The Foryd harbour at the estuary of River Clwyd is a lot older than the rest of Rhyl and might have remained active until present day even if the town had never developed.
The image above would be pre-World War 1 and coloured at a later date. The big building on your left has been labelled Foryd Hall but the position looks unconvincing; it may be a pair of semi-detached hotels such as the ones demolished quite recently, one was Westcliffe Hotel.
Here is the motor boat ‘Alice’ taking passengers for a mini-cruise. This looks pre-WW1 as well, and the harbour is spelled Voryd:
The letter V does not appear in the modern Welsh alphabet, but it does crop up in some ancient Welsh texts so its use in this context may not be entirely incorrect.
From the following monochrome photo taken not long after the Foryd Bridge was opened in 1932 it not possible to tell what colour it was. It certainly hasn’t always been blue.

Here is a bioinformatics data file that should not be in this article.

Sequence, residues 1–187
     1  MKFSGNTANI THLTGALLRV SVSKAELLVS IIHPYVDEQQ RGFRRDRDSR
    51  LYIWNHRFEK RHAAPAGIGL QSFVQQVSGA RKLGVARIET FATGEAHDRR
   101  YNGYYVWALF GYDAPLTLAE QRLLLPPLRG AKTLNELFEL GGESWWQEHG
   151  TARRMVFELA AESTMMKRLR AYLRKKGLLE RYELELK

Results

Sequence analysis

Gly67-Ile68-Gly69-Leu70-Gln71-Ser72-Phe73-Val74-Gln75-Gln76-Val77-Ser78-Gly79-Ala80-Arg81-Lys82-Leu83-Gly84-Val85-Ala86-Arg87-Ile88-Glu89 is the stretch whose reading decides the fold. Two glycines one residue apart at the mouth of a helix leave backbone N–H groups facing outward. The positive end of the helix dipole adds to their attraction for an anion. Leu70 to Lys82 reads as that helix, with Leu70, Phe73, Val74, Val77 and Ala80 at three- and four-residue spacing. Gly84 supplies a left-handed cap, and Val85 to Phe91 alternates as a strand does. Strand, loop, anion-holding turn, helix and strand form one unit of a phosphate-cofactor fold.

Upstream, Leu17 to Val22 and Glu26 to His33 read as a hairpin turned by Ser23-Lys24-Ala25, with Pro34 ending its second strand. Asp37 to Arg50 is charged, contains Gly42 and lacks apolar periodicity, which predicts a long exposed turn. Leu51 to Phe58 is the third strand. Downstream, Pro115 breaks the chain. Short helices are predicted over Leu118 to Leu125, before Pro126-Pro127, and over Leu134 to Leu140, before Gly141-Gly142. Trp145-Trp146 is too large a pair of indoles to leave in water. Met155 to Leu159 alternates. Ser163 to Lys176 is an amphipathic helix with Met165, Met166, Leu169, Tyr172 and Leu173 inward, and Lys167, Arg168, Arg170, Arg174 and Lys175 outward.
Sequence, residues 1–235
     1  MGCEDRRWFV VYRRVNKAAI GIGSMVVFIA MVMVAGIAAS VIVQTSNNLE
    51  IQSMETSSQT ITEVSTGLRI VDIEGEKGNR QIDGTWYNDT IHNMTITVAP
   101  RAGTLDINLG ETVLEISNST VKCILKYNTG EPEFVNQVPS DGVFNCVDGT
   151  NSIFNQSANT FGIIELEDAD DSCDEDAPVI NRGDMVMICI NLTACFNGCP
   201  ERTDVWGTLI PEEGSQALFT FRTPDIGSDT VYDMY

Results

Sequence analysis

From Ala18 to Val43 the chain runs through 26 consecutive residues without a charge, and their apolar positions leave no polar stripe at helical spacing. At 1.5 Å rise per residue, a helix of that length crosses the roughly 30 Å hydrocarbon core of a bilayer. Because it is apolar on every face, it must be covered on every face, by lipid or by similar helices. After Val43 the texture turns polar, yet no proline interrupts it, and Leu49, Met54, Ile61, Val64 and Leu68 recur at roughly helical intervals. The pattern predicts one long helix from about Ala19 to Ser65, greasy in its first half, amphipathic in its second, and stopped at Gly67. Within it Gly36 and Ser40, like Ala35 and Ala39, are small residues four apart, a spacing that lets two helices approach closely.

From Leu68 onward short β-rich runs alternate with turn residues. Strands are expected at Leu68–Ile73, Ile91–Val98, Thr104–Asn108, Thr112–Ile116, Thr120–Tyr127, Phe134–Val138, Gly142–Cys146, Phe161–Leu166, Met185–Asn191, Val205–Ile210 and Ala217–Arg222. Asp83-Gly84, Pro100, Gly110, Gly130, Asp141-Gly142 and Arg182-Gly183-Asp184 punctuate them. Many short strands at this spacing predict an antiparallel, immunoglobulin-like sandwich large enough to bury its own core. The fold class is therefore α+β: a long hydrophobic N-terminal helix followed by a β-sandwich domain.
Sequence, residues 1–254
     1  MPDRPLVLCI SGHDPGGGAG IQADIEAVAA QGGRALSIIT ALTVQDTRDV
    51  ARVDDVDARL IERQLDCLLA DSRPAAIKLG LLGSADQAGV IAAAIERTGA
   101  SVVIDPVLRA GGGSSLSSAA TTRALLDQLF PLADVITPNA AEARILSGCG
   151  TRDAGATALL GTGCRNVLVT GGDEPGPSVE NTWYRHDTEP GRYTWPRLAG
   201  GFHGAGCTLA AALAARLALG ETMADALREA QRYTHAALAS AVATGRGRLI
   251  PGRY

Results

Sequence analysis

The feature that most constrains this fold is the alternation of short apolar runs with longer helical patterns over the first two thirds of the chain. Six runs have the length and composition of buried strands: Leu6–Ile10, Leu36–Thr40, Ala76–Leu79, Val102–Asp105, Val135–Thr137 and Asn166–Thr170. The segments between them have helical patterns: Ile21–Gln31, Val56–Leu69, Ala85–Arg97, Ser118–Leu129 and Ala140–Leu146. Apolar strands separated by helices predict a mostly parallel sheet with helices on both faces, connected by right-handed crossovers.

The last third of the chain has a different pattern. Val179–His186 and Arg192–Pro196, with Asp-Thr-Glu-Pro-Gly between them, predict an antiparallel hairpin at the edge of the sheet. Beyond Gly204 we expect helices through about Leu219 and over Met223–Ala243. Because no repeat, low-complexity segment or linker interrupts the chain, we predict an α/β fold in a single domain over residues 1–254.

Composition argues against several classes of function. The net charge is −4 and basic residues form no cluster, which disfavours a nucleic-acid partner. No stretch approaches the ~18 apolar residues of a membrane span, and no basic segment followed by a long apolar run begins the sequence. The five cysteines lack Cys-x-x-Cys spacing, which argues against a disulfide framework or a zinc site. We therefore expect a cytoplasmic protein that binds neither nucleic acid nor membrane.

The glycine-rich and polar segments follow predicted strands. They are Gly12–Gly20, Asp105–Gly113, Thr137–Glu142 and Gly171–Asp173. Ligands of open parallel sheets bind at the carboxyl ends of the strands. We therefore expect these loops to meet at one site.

Rhyl Pavilion is not visible in the following two shots, so they must be from the late 1970s or later. Ocean Beach Fun Fair is in the background.
Rhyl Life reader Dilys Bagnall writes, “I remember when for about a shilling (less than 10p) you could take a return trip across the Foryd to Horton’s Nose in a small rowing boat.
“Also I remember the proper Romany caravan behind the fun fair in which Billy Williams’ mother-in-law Mrs. Waltzer lived. I talked for hours with her, and she showed me inside her caravan. That was a great honour for a “flattie” like me. It was beautiful inside.
"Mrs. Waltzer may not have been her real name but that’s what she was called. I worked on her daughter Sue’s hot-dog stall –I think it was the first ever in Rhyl. That was at the far end of West Parade near the Mad Mouse. The hot dogs cost a shilling and I had to chop up fresh onions so I was always crying.”